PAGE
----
#5 - The most watched econ seminar in history?

#5 - The most watched econ seminar in history?
People posting on EJMR, not a metaphor. Generated with Midjourney 5.2.

Dear reader,

This is definitely not a newsletter article I imaged I would write when I relaunched LOGOecon in June. But it really feels at home with the kind of topics I want to cover.

Unless you live under a rock, you haven't missed an important presentation that happened last month at the NBER Summer Institute: Florian Ederer presented a working paper he co-authored with Paul Goldsmith-Pinkham and Kyle Jensen. They were able to identify IP addresses of people posting in EJMR, the toxic cesspool where a non-trivial number of economists share racist, misogynistic, homophobic and transphobic delicacies about their colleagues. These IP addresses shows that people in all institutions, including in so-called โ€œeliteโ€ institutions, happily wade in this cesspool.

The presentation was live-streamed on YouTube โ€” a replay is available here. Thanks to a lucky turn of events (more on that below), I was able to record the live number of โ€œViewersโ€ during the presentation, discussion included. As you can see in the plot below, the number of โ€œViewersโ€ peaked at more than 1900 viewers.

I don't have data for other well-known economics presentations, but I wouldn't be surprised if Florian's presentation was one of, if not the most, watched econ seminar in history.

Before I dive into how I got the data, a quick observation: thanks to modern technology, scientific presentations can now reach an unprecedented number of people. Not all scientific presentations are destined to have thousands of viewers. But the fact that some can reach such numbers is truly amazing to me. Can you imagine a seminar with up to 1900 people in the room eating popcorn, sorry, listening? I wouldn't be surprised if these tools help to reduce (to a certain extent) the negative effects of institutional barriers and geographical distance in academia.

Now, the data. How did I get it? Well, contrary to Florian, Paul and Kyle, I had no need to develop a complex (and frankly, impressive) strategy to exploit a hash algorithm used so poorly that you're left wondering how many other massive privacy loopholes still exist on EJMR. What happened is a lot more mundane.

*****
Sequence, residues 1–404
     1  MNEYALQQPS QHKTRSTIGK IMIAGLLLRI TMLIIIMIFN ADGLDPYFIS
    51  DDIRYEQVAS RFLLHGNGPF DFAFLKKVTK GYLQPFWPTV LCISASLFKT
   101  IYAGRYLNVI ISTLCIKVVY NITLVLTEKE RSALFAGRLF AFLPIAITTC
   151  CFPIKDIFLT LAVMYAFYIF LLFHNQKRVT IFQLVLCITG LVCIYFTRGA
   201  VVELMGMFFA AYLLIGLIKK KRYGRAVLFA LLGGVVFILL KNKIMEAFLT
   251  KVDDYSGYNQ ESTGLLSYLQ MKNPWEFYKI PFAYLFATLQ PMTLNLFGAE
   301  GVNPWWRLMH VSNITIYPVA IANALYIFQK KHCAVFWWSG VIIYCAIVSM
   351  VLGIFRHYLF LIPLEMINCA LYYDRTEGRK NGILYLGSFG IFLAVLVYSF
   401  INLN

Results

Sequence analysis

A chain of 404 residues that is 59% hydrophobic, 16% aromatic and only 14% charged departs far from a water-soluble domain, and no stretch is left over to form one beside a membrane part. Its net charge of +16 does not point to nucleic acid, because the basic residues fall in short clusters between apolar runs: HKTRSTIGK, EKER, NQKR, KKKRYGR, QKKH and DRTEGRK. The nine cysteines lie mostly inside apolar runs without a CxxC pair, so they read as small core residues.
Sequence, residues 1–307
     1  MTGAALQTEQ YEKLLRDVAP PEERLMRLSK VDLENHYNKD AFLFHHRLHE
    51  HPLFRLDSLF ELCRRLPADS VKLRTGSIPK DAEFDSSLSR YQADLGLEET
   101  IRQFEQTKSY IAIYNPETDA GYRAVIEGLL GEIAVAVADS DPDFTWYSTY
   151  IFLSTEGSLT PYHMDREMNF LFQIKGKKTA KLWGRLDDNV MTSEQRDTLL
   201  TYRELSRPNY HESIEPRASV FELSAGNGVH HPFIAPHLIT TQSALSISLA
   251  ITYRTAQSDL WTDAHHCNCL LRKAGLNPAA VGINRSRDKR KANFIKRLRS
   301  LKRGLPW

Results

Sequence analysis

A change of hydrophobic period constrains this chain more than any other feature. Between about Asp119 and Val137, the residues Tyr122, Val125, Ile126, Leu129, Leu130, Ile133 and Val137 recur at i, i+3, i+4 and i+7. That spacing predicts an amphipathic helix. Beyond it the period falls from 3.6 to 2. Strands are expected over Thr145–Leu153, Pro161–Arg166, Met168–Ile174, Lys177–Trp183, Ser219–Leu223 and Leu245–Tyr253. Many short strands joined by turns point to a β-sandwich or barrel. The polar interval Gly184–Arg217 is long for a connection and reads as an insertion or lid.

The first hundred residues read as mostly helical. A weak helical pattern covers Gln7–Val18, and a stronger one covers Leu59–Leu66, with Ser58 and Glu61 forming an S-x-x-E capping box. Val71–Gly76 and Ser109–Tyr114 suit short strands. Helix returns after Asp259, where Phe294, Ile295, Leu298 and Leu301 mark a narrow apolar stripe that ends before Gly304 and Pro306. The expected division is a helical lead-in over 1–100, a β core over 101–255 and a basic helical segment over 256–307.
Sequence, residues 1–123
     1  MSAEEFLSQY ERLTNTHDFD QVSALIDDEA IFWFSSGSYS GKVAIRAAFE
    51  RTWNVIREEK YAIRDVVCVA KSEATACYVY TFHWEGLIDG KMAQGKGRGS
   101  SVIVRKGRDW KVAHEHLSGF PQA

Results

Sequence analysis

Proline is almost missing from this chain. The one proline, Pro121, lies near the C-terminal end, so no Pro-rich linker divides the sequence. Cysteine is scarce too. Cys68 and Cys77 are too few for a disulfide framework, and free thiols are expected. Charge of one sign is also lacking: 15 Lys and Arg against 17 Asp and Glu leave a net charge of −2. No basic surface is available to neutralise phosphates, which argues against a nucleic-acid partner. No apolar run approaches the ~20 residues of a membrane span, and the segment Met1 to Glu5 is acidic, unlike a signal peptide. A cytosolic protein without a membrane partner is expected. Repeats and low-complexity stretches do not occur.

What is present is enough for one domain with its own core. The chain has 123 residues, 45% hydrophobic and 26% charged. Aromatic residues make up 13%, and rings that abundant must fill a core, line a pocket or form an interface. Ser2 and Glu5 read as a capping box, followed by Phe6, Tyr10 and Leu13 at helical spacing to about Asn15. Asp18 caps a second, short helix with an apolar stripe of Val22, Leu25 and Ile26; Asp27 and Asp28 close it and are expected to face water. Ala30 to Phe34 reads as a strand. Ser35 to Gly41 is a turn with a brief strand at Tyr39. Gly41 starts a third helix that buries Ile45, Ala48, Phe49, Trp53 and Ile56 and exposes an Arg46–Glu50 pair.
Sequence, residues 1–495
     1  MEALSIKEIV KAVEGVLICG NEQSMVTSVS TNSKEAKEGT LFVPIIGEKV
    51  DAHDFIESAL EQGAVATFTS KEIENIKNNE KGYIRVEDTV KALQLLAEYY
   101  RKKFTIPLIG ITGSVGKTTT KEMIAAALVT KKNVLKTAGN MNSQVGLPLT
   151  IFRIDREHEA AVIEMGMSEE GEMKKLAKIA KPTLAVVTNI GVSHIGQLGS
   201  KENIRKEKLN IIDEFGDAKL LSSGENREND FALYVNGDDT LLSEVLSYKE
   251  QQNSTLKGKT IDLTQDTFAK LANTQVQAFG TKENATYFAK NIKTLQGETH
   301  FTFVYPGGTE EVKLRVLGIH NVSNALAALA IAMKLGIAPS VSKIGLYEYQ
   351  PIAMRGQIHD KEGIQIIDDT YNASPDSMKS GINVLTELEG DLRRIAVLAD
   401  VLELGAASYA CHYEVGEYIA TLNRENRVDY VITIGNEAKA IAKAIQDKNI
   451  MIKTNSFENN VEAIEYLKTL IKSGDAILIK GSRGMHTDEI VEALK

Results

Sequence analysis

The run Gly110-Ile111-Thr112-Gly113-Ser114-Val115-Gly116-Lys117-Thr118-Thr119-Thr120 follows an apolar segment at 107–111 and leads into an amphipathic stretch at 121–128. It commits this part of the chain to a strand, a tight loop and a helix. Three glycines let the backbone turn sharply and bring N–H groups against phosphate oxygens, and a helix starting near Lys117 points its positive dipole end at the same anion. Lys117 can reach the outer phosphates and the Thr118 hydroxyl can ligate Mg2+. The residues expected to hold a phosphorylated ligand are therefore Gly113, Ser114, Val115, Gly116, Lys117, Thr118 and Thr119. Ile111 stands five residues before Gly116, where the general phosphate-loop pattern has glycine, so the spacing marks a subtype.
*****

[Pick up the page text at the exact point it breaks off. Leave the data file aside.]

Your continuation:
I started to watch the presentation on my iPad. I quickly realized that the YouTube app has a โ€œViewersโ€ item in its interface (during a live, you can access it by taping on the description of the video โ€” where โ€ฆ more is located). I basically took multiple screenshots during the presentation, and I extracted the numbers of โ€œViewersโ€ ex-post.

1919 is the maximum number of "Viewers" recorded in my screenshots.

I needed two pieces of data from the screenshots: the timecode and the number of viewers. As I have 37 screenshots, it made sense to automate part of this work.

I used R (obviously) to extract the timecode. Each screenshot taken on iOS and iPadOS comes with EXIF metadata, including the exact time it was taken (including seconds). The exifr package makes possible to extract and work with EFIX metadata in R. As EXIF gives the date and the time when the image was taken, I used lubridate to remove the date and turn the time into an actual timecode - with 0 being the approximate beginning of the presentation. The presentation started at 22h30 my time (10:30 PM), so I subtracted 1350 minutes to the time.

  time_code = hms::as_hms(time_code) - dminutes(1350)

I exported an Excel file with the end result, and I manually recorded the number of viewers from each screenshot (I probably could have used some OCR to do that, but it felt overkilling).

Last, but not least, what's a YouTube โ€œViewerโ€ exactly? It's not completely clear to me. Based on this (unclear) support page from Google, it seems that a viewer is basically one โ€œdeviceโ€ that is streaming the live feed. The support page explains what the person streaming is seeing on the interface, not what the person watching is seeing on the interface. I'm assuming that โ€œViewerโ€ has the same definition for both streamers and watchers.

If a person has two devices streaming the same live (for instance, a smartphone and a computer), I'm assuming it would count as two viewers (unless Google can correct the count if a given logged-in account is streaming the same feed twice?). One โ€œdeviceโ€ streaming the live feed can be seen by multiple people, so the number of โ€œViewersโ€ is only an approximate measure of the actual number of people watching live.

Despite these precautions and limitations, the number of โ€œViewersโ€ is probably a decent approximation of the actual number of people who watched the presentation live. (As the presentation is available on replay, the total number of โ€œViewersโ€ is now above 1900, and will continue to increase for as long as the replay stays online.)

It was an interesting plot to make, even if the underlying paper comes with grim, albeit completely unsurprising, results. EJMR is a plague, and I hope that, collectively, we will be able to get rid of it. The sooner, the better.

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